The last three months of my life have been demoralising, demotivating and a total reality check.
When I resigned from my last job (for reasons I won’t go into), there is absolutely no way I predicted what was in store. I was not prepared for the ageism that exists in the job market and how it would shrivel up the professional opportunities I felt I deserved.
Why would I not land a job quickly? I have a very broad skillset, years of experience, and a history of long-standing roles on my CV. Sound familiar? I’m tipping everyone puts this in their cover letter, but in this case, I can assure you, it’s true!
Not only was I to discover that scoring an interview is like climbing Everest, but getting a courtesy response – yes or no – is apparently ‘old school’. I even had occasions where I had to follow up with the employer/recruiter after a face to face interview due to no response. No. Response. At. All.
Seems it’s quite common these days for a job seeker to spend considerable time and effort on an application and interview, only to be left waiting for a nod or otherwise. I wish someone had told me there’s no human side to the process any more.
For me, I had a better chance of landing an interview when dealing directly with the employer, rather than a recruitment agency. I was about to find out there’s an art to getting noticed and, in these days of robotic and pretty much dumbing-down processes, it’s all about the key word search in your CV. You see, I found out the reason I was getting the ‘’thanks, but no thanks’’ response was because of my absolute refusal to regurgitate the job ad verbatim.
You see, recruiters don’t actually read your application; they just pass it through some sort of screening gadget that can tell right away if you’re a good fit for the position. Brilliant, isn’t it? Leaves me wondering how many terrific applicants are discarded along the way.
I’ve been lucky enough to land quite a few interviews directly from employers or from those recruiters yet to jump on the key word search bandwagon. But how was I to know that interviews would not focus on my skills and experience and my cultural fit for the organisation? I’d researched the company, matched my skills to the job role, considered my cultural/values fit, and played over the possible interview questions in my head over and over. So I thought I was super-prepared. Oh how wrong I was!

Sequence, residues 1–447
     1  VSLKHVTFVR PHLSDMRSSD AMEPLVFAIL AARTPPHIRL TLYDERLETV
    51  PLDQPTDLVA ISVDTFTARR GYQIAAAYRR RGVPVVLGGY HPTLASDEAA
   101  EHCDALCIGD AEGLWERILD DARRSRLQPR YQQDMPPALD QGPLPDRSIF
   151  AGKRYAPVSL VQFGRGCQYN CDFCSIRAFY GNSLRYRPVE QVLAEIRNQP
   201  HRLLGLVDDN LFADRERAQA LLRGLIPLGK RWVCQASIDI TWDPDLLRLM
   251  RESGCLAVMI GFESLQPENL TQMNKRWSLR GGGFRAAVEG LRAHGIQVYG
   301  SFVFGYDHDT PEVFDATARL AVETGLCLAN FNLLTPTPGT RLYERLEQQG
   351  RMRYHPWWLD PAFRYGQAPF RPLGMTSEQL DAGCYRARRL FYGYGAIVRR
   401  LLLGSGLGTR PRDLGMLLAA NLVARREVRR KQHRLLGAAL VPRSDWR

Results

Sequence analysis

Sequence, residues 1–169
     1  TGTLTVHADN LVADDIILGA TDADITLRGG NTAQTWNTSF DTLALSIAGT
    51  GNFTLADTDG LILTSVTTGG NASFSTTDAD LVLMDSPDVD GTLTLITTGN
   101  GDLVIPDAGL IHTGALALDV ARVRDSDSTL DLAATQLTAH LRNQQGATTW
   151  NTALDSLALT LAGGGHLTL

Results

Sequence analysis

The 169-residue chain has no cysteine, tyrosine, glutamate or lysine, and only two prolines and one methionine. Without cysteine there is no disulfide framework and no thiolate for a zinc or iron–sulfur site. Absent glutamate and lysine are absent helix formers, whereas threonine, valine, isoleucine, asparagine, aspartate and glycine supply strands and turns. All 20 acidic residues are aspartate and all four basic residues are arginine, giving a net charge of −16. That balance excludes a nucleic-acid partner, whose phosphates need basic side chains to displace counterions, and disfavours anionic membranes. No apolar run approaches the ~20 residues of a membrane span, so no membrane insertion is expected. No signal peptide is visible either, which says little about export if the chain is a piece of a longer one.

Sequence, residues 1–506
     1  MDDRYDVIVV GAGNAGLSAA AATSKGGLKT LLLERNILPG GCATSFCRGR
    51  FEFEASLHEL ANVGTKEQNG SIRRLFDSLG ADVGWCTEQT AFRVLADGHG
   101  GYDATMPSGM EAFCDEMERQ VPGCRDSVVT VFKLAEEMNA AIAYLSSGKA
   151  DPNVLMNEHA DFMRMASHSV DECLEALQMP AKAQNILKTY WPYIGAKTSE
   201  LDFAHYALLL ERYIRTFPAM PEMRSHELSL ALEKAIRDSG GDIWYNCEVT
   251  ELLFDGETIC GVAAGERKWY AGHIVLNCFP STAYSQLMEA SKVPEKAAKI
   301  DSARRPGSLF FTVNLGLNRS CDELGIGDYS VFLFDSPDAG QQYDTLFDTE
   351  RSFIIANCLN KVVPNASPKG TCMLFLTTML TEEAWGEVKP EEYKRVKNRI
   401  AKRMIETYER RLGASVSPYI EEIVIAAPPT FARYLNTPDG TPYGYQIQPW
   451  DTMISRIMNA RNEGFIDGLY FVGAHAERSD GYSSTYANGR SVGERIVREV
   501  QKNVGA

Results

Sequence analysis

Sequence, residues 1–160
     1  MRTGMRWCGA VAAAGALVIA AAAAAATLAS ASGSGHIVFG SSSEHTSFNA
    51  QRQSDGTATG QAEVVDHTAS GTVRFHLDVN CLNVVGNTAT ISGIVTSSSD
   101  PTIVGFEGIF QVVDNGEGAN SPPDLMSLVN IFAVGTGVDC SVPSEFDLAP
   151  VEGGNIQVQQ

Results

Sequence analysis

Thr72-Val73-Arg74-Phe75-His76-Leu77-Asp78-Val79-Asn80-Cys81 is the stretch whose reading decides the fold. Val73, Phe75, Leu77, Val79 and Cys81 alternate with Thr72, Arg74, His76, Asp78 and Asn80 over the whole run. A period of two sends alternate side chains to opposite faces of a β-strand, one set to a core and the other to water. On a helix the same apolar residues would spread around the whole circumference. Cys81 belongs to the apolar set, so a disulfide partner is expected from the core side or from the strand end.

Recruiters know it‘s illegal (and just plain irrelevant) to ask your age, but they have ways to get this coveted info out of you. Disguised as friendly banter, the interrogation typically goes like this …
“So … do you have any kids?’’
“Ah, yes I do,” is the only answer they need (I mistakenly think).
“How old are they?’’
‘’I have three boys, my eldest is 30,’’ I say. Because why should I lie about it? It is, after all, totally unconnected to why I’m even in the room.
I can almost hear them thinking … geeze … is she? No! Could she be? No way! 60? Then comes the overwhelming feeling that I need to explain how I’ve come to have, of all things, a 30 year old son. "Oh, but I was an early starter,’’ seems a good response. But I don’t respond, because why should I? My life choices are none of their bloody business! For the record, I was married at 21, first child at 23, so I am not 60. But who cares if I am? I wouldn’t be applying for the job if I didn’t think I could a) do it, b) enjoy it and c) stick around for a while (as my CV shows I have done over the course of a 35 year career).
Or, here’s a good one … describe your first full-time role. Well, for me it was working in the computer ‘room’ of a merchant bank. Computer ‘room’? Yep, precisely! Back in the good old days when all the PCs lived in this high-tech, much-revered and misunderstood room all of its own. No PCs in the money market, no way, heck, even the CEO didn’t have one, but then again we’re talking about a time when ATM’s had just come into play and we were still using typewriters and Telex machines! A time before fax machines and Microsoft – can you imagine? Practically the dark ages I can see them think. I look at the horrified face of my interviewer and think this was way before they were even born. What hope have I got? Even though this means I’m a tech native and I’ve just come from a tech-based industry, I just know they think I’m a dinosaur and this inevitably sinks my chances.
You know you’re a goner when you’re thinking more about your wrinkles than your professional background during an interview, but unfortunately, this is the state of play.
So I reluctantly started applying for lower level jobs seeing as how I was deemed ‘too old’ for the higher level jobs. Seems they’re onto me, and I’m told I’m ‘over-qualified’ or asked why I would want to ‘take a step back in my career’. I can’t win.
How to NAIL a job interview on Mamamia Out Loud.
I just want to work. Since the age of 18 I have never been unemployed, unless by choice (read – when I had my babies). While work doesn’t singly define me, it is a huge part of who I am and how I feel about myself. I hadn’t considered how hard it is for a middle-aged woman (person?) to get a job. Do employers not know the wealth of experience we can bring to the workplace or understand the importance of diversity? For the most part, we are not only good at leading and mentoring, we actually enjoy it. We are energetic and reliable, not infirm and ‘elderly’. We have that almost extinct ability to (insert drumroll) be tech-savvy and communicate effectively! What a waste of great talent in a time when the government wants us to be self-sufficient and rely less on the Age pension.
I for one lament the status quo. While I’ve read the average time to land a job is three to six months, it’s hard to remain motivated when you know that if all variables (other than age) are consistent, and you are up against a younger candidate, then they are definitely going to get the job.